Marijuana and its legal effect on Divorce, Child Custody, and Parenting Time in Colorado
DISCLAIMER: The following is a general observation not legal advice. You should consult a lawyer to determine how this topic will affect your case. No lawyer can provide advice without knowing the facts specific to your case.
Question: Marijuana is legal in Colorado, will using marijuana affect me in divorce or child custody?
Are you hearing your spouse threaten to use your cannabis use against you? We’re lucky to live in a state with sensible cannabis regulation. I say cannabis, because Colorado regulates cannabis differently depending on if it falls under the definition of hemp cannabis or marijuana cannabis. But that’s for another post.
If you have no kids, cannabis use really has little bearing on your divorce. Colorado is a “no fault” divorce state. This means you don’t need a reason to get divorced and “bad” behavior in the marriage by one or both spouses doesn’t have bearing on the divorce (unless that bad behavior is hiding assets from the spouse and court). A divorce without children just divides up property equitably (note that doesn’t say equally) and decides if either spouse is owed maintenance. Cannabis use is similar to allegations of use of other substances like alcohol or prescription drugs. There’s no place for these issues to fit in when children aren’t involved. But when children get involved, everything changes…
Can marijuana use affect child custody (parental responsibilities)?
The easy answer here is yes, but the tougher questions are will it and how much? Here’s the good news: it’s unlikely your cannabis use will have a large impact on the amount of parenting time you are awarded. In at least one case, the Colorado Court of Appeals has found that just using medical marijuana does not mean a child is necessarily endangered, physically or emotionally, by time with that parent. In re Marriage of Parr & Lyman, 240 P.3d 509, 512 (Colo. App. 2010).
When analyzing allocation of parenting time and parental decision-making responsibilities, the court employs the “best interests of the child” standard. This standard is defined by statute (C.R.S. § 14-10-124) and involves multiple factors that encompass pretty much anything that impacts a parent’s ability to parent or have a healthy, productive relationship with their child. So if there’s an argument to be made that your cannabis use affects your relationship with your child in anyway, then it could factor into the judge’s decision on your parenting time. But cannabis use is not unlike any other activity that could arguably have some effect on your relationship with your child, like the time you devote to your career, or pornography use, or an obsessive drive to climb all 53 fourteeners in record time. Really anywhere there is an argument to be made, it can be made. You’re smart to be on the lookout for factors your spouse might use against you, and you should be sure to point these out to your lawyer.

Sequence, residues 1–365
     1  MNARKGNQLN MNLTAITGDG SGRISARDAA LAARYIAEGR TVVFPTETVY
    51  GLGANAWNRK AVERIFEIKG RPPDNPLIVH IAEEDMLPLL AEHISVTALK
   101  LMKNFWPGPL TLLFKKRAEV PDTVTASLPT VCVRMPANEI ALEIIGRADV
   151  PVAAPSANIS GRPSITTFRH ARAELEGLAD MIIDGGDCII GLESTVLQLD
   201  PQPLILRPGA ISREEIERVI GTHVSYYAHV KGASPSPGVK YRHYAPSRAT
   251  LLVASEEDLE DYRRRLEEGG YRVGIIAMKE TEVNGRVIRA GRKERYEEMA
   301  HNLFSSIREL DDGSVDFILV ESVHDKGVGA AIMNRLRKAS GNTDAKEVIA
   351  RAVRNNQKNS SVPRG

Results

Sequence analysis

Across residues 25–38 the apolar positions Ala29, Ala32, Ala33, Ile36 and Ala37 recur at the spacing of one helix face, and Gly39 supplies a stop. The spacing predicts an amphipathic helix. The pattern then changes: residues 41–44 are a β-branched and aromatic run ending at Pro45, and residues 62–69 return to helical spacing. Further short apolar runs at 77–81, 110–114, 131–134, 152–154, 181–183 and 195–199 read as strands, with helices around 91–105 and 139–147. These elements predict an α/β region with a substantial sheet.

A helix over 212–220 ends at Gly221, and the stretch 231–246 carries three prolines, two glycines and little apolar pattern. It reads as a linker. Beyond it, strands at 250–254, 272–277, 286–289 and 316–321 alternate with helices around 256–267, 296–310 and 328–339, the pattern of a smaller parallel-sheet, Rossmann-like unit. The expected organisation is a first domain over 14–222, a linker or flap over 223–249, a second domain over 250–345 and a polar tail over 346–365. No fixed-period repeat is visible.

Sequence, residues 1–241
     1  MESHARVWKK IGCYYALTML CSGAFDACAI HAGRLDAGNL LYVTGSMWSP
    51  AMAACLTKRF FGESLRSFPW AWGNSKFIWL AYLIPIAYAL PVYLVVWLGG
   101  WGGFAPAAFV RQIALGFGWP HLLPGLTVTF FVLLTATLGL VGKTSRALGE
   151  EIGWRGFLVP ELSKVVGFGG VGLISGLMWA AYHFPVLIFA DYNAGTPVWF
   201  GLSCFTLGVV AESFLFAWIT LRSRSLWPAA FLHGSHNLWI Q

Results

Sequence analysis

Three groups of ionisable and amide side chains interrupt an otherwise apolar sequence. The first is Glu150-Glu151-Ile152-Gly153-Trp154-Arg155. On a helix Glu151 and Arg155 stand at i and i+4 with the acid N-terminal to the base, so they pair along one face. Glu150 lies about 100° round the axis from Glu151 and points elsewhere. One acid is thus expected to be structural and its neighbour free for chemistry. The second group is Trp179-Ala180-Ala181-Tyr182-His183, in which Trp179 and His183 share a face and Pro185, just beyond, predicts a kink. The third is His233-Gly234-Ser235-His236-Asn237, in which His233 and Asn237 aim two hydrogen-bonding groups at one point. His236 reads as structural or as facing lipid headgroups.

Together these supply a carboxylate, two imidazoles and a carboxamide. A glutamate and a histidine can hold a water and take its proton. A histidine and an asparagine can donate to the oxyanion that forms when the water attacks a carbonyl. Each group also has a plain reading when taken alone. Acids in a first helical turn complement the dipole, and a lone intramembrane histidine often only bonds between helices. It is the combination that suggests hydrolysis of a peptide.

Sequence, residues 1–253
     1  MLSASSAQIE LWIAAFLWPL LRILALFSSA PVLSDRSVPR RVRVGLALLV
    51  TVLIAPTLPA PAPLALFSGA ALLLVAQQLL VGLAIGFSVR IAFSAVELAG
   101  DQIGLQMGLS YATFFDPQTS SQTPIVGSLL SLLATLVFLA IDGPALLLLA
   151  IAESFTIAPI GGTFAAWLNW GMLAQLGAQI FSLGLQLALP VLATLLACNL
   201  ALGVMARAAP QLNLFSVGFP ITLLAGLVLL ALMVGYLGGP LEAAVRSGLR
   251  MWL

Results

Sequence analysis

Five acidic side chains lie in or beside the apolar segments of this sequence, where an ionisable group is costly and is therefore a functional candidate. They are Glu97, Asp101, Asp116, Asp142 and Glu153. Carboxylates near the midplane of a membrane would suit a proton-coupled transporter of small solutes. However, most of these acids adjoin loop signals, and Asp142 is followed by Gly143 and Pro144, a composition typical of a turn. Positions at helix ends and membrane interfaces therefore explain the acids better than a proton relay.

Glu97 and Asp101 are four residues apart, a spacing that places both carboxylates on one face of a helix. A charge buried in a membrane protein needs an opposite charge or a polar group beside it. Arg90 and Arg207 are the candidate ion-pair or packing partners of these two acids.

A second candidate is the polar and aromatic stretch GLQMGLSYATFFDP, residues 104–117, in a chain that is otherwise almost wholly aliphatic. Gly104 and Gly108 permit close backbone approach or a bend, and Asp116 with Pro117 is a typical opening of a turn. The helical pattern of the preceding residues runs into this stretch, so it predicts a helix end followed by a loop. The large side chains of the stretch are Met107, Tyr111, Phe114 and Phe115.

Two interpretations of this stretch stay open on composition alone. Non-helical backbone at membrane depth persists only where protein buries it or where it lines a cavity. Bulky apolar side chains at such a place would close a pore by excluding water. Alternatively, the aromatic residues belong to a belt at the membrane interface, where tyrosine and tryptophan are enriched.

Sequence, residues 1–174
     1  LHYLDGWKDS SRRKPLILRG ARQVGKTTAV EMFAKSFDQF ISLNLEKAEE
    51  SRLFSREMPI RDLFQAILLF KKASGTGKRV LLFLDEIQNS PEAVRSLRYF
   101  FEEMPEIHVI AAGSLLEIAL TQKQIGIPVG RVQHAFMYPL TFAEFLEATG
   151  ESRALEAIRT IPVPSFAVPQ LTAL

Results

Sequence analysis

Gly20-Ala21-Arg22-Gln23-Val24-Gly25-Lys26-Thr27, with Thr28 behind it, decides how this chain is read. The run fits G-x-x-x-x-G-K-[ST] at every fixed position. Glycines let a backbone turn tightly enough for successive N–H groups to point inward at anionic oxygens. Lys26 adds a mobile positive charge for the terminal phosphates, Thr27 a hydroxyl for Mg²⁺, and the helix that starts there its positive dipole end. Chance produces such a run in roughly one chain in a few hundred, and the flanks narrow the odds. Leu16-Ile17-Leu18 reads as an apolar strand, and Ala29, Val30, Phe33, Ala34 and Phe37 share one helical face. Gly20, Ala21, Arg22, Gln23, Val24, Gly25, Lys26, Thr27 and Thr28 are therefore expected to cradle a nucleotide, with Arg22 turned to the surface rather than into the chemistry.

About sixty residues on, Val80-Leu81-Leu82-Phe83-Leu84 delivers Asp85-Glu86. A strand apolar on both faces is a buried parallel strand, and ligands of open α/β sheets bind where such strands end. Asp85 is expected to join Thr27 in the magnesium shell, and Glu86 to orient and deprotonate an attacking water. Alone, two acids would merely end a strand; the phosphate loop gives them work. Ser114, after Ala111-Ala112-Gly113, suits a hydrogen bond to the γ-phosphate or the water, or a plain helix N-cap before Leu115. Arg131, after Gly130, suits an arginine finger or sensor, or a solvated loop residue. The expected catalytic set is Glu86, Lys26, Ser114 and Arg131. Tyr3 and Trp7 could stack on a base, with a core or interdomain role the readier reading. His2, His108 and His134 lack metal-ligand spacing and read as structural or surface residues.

How much does marijuana use matter to child custody?
Here’s the typical lawyer response, it depends on the facts of your case. It’s hard to know how much or how little it matters, because issues related to what is in the best interests of the child are always arguable. If you’re an average daily user, it probably doesn’t factor in heavily, except that your spouse will likely be able to get an order that you cannot use cannabis while exercising parenting time. But if you had a car accident with your child in your car and were convicted of driving under the influence of marijuana, it probably will play a role.
What’s the most likely result of marijuana use on child custody?
The likely effect of cannabis use on your parenting time or decision making will be that your spouse will get a provision in your Parenting Plan stating you can’t use marijuana during or for a certain time prior to having parenting time with your child. This is typically what a spouse will ask for when concerned about some sort of behavior affecting the child. If you’re arguing parenting time at a hearing, this can all be dependent upon the judge’s views and preconceptions about marijuana use as well. If your situation is more akin to my extreme car accident example above, you can expect your spouse’s lawyer to argue you should be prohibited from using marijuana and subject to urinary analysis confirming you’re not before you are allowed any parenting time involving driving the child.
What should I do now to keep marijuana use from being used against me in child custody?
Exercise responsible use and possession now to keep it from becoming an issue. Follow possession laws closely. Keep cannabis locked away from children. If you grow plants, keep them in a locked room inaccessible to the children (this is required by statute anyway). Keep cannabis in marked and child-proof containers. Avoid discussing your cannabis use with your children or openly using cannabis in front of your children. Your children are witnesses to your parenting and they can be asked about your cannabis use later by a Child and Family Investigator (CFI), if one is appointed. You don’t want a judge reading a report from a CFI where your child states he/she knows where your cannabis is and how to access it.
Since legalization in Colorado over four years ago, we’ve all realized that marijuana just sits there innocuously in its container on the top shelf of the pantry, just like alcohol. But just like alcohol and firearms, parents should demonstrate responsible possession to the court.